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NHTI cuts 14 positions to close $3 million shortfall

NHTI has cut its workforce by 14 positions and trimmed other expenses to close an expected budget gap of about $3 million, in a move that has been sharply derided by faculty.

The expected 2015 budget gap announced yesterday is the result of increased expenses, primarily for payroll and benefits, and a decline in fall enrollment revenue.

The plan trimmed 14 positions, including six faculty and eight staff. One part-time and four full-time faculty members were cut. Two full-time staff members were also notified last week that they would not be recalled for the fall semester. Also, one full-time faculty post and six staff positions that were vacated will not be filled. The school has 113 full-time faculty members and 170 full-time staff members, in addition to 200 adjunct faculty and 80 part-time staffers. The cuts, coupled with other staffing and programming changes, will save about $1.8 million.

“We’ve made what we think are significant steps in terms of dealing with the budget deficit, but we have to keep looking at it,” said Alan Blake, director of communications at NHTI.

A list of the cuts was not immediately available, but Blake said they were made in part based on program enrollment.

In addition to staff cuts, NHTI has implemented more than $1 million in cuts to nonpayroll budget items and shifted $432,000 in expenses from the operating budget to auxiliary budgets funded by other revenue sources. NHTI will continue to watch its budget closely and review academic programs, while looking at increasing maximum class size for some courses and adjusting some employment schedules to better reflect current needs, according to officials.

Faculty and staff were “greatly saddened” to learn of the cuts, said Laura Morgan, president of Faculty Forum, a group representing the college’s faculty.

“The programs which serve Concord and the overall quality of the education at NHTI are unquestionably diminished by these losses,” Morgan said in a statement. “Both the faculty and staff are especially aggrieved to read the financial explanations for these losses, losses which required both the students and the faculty to make sacrifices in both class size and the number and depth of offerings.”

The cuts follow 15 years of significant growth at NHTI, including a stretch in 2009 and 2010 that saw annual enrollment increase 10 percent and 14 percent, respectively. The growth was a boon, bringing with it nine new positions, the reinstatement of four positions that had been temporarily frozen and the upgrading of four part-time positions to full time.

“We felt this was overdue and critical to meeting the demands on staff and faculty resources of a growing student population,” Blake said. “We are now in a period of declining high school graduating rates.”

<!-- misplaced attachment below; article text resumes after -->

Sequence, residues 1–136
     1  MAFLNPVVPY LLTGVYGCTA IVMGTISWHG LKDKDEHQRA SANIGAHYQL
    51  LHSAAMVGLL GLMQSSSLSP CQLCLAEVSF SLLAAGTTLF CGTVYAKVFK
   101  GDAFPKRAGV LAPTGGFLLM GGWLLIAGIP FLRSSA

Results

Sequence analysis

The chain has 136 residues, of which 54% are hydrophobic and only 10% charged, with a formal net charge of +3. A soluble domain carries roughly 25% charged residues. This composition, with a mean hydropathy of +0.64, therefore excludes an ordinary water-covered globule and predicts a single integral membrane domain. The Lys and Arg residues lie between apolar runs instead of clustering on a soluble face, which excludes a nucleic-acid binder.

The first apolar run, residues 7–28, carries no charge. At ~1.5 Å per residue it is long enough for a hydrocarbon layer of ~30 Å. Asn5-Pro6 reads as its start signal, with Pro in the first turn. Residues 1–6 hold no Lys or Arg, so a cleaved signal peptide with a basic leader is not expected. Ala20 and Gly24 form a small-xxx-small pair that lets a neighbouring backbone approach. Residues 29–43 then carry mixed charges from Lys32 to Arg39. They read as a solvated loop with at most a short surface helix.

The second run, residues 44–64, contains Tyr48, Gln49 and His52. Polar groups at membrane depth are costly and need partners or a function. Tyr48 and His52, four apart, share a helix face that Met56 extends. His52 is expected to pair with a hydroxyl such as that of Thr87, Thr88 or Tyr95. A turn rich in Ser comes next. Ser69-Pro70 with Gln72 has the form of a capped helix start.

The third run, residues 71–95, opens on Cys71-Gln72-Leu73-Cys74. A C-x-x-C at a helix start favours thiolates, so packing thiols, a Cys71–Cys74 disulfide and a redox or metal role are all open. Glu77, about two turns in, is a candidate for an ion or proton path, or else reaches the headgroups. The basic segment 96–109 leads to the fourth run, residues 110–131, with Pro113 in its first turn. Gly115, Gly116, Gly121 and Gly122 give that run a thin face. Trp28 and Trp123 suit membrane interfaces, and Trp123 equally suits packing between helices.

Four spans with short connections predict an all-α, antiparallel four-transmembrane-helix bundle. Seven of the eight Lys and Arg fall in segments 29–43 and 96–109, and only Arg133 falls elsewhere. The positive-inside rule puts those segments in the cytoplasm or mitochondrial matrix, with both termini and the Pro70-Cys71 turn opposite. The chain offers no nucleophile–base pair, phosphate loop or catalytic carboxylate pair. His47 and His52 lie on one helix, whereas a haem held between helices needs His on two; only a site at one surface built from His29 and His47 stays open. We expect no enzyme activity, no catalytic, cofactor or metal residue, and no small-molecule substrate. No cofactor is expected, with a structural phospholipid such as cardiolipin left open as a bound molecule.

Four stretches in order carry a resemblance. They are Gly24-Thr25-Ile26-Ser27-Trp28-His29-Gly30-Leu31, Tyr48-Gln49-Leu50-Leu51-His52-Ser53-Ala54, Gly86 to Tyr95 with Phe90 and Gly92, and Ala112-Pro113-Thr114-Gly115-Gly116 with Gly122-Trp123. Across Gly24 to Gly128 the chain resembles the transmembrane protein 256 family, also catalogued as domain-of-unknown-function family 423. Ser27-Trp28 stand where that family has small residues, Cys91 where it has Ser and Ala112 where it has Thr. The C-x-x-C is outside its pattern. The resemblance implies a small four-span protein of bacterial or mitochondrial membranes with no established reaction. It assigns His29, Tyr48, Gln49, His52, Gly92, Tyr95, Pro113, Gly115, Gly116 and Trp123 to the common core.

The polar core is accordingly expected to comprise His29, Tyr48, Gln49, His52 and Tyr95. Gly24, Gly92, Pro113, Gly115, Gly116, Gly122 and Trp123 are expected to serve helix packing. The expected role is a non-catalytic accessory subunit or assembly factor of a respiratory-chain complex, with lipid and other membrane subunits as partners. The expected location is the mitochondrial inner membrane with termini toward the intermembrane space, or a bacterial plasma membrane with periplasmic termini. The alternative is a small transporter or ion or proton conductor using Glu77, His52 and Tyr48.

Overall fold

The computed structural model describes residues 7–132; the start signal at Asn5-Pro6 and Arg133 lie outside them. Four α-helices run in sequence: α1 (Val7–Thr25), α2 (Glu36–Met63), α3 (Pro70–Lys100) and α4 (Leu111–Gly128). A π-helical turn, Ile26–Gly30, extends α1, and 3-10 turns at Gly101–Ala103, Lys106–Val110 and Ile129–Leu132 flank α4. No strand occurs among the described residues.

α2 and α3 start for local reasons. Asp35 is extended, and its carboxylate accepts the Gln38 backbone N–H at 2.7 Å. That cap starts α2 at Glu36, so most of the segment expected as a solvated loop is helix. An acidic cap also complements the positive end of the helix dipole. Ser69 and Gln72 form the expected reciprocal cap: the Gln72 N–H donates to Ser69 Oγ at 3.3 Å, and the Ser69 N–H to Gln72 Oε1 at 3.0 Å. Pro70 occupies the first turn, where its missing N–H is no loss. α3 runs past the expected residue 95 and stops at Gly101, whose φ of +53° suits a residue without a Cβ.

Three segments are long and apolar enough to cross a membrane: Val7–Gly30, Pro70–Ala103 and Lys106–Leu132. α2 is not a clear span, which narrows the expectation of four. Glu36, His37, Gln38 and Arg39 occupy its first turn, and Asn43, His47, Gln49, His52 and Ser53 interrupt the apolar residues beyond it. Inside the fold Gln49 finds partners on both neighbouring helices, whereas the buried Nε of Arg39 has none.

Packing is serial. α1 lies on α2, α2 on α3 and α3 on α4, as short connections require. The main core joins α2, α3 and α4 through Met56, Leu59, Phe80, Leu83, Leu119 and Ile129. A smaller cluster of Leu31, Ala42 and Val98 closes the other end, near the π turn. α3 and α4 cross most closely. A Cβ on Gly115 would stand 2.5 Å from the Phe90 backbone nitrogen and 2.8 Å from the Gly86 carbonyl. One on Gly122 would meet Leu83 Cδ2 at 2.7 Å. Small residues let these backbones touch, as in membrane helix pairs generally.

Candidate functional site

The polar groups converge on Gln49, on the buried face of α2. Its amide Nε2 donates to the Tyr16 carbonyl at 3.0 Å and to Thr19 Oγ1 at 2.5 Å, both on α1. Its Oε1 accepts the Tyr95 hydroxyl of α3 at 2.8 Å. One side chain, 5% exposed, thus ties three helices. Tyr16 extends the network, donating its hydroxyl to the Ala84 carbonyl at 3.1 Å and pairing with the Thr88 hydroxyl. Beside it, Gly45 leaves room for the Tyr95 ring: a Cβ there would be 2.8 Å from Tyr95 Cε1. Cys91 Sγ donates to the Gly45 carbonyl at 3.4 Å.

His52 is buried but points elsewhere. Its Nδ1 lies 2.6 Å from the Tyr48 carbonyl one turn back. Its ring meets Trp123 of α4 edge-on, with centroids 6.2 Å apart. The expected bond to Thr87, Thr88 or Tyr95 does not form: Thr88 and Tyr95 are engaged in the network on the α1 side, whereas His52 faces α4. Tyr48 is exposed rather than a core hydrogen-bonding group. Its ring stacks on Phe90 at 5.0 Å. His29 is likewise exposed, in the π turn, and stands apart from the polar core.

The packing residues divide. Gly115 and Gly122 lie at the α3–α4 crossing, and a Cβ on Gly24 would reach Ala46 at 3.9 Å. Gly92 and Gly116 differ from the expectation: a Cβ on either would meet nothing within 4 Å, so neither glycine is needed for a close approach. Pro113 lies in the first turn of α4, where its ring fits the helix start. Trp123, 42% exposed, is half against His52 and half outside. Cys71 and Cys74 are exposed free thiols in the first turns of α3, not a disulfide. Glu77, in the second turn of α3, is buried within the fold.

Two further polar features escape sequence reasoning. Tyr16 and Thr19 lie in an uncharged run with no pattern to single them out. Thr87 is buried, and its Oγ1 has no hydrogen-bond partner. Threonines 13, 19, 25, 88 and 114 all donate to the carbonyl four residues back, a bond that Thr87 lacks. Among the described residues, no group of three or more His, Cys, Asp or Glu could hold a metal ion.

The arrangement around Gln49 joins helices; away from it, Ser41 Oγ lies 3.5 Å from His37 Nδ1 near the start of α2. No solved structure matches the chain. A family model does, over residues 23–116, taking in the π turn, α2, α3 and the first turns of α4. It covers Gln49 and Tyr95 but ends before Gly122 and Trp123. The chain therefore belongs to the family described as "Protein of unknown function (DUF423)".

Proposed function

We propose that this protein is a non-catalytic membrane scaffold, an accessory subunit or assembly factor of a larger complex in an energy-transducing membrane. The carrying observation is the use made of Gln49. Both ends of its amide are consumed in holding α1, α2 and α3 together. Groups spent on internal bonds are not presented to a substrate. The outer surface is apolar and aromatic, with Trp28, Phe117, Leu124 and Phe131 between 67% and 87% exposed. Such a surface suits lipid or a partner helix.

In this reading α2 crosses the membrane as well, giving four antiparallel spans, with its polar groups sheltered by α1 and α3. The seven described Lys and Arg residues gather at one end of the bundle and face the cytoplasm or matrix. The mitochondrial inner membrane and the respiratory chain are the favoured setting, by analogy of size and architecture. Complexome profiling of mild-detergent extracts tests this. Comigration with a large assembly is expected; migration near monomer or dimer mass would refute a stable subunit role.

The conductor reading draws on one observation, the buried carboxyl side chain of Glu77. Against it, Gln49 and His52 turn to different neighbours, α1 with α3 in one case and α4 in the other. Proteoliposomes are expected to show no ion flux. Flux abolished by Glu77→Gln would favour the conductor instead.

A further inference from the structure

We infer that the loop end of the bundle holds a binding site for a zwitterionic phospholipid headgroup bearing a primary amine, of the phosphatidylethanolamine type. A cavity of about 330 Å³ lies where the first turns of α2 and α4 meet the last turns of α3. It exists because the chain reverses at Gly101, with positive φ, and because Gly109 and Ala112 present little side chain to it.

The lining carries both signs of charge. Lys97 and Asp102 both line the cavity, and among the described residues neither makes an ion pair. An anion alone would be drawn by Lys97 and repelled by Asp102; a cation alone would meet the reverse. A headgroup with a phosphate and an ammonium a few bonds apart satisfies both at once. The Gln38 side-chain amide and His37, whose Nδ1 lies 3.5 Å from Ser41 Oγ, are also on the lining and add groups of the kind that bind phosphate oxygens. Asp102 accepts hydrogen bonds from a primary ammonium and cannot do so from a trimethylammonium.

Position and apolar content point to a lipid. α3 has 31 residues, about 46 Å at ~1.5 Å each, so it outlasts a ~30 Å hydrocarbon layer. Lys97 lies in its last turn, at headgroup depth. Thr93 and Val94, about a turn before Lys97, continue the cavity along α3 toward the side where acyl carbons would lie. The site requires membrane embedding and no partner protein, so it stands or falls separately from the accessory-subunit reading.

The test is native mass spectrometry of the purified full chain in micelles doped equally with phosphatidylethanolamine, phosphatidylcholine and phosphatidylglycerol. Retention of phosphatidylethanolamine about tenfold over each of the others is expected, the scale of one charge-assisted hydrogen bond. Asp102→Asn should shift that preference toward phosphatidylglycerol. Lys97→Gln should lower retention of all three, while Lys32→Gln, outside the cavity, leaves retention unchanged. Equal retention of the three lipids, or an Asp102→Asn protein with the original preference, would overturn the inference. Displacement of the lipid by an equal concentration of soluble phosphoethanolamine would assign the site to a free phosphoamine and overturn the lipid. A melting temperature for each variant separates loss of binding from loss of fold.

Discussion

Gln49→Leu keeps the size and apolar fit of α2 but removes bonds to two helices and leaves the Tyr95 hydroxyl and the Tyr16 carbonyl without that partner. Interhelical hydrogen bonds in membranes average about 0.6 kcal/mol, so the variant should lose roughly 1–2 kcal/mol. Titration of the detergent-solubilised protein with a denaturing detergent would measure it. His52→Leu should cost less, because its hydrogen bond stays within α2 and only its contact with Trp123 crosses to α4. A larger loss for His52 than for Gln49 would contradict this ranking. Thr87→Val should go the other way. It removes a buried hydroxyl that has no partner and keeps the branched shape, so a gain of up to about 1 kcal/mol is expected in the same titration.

Tuition and fees make up 70 percent of the operating budget, and the remaining 30 percent comes from state aid.

Since 2010, fall enrollments have declined 2 percent annually, and students on average are taking nine credits a semester, down from 10 in recent years. “That’s a 10 percent reduction in credit revenue,” Blake said.

Fall 2015 enrollment is down 7 percent compared with the same time last year, a result of greater competition between colleges to attract a smaller pool of prospective students, Blake said.

Payroll and benefits account for 80 percent of the college’s $28.7 million operating budget. This year and last, staff and faculty received 3 percent and 5 percent raises, respectively, agreements that increased the operating budget by about $1.8 million. The raises were well-deserved and helped bring NHTI in line with industry norms, Blake said.

In criticizing the cuts, Morgan said no comparable sacrifices have been made at the administrative level.

“In our view, the layoffs would be unnecessary if the Board of the Community College (System of New Hampshire) and its chancellor considered the offers of early retirement put forth by the Faculty Forum, and shouldered some of the fiscal hardship they have placed on students, faculty and staff,” she said.

NHTI will continue to focus on student success while reassessing staff, faculty and program needs, and evaluating operational structure to ensure efficient budget use, Blake said.

(Iain Wilson can be reached at 369-3313 or iwilson@cmonitor.com.)

Legacy Comments3

Why is the enrollment down in a time where trade and technical careers should be on the upswing? I would think that careers in health, mechanics, electrical and plumbing would be areas that are needed. Also child care would seem to me to be an area that is in demand. if enrollment is down, it just might be as simple as the courses offered are just not filling the needs of what students are looking for. Or the cost is just too high, which happens in many schools that are poorly run.

Should they really be freezing tuition for a few years if they have these serious budget issues??? Didn't the state university system recently announce their intention to freeze tuition? Probably should apply the breaks to that plan.

Higher education has never used budgets to control cost. They have just asked for more taxpayer money and raised tuitions EVERY year. Time to run higher education like it really is - a business. If the cost is too high, the people will not by it.

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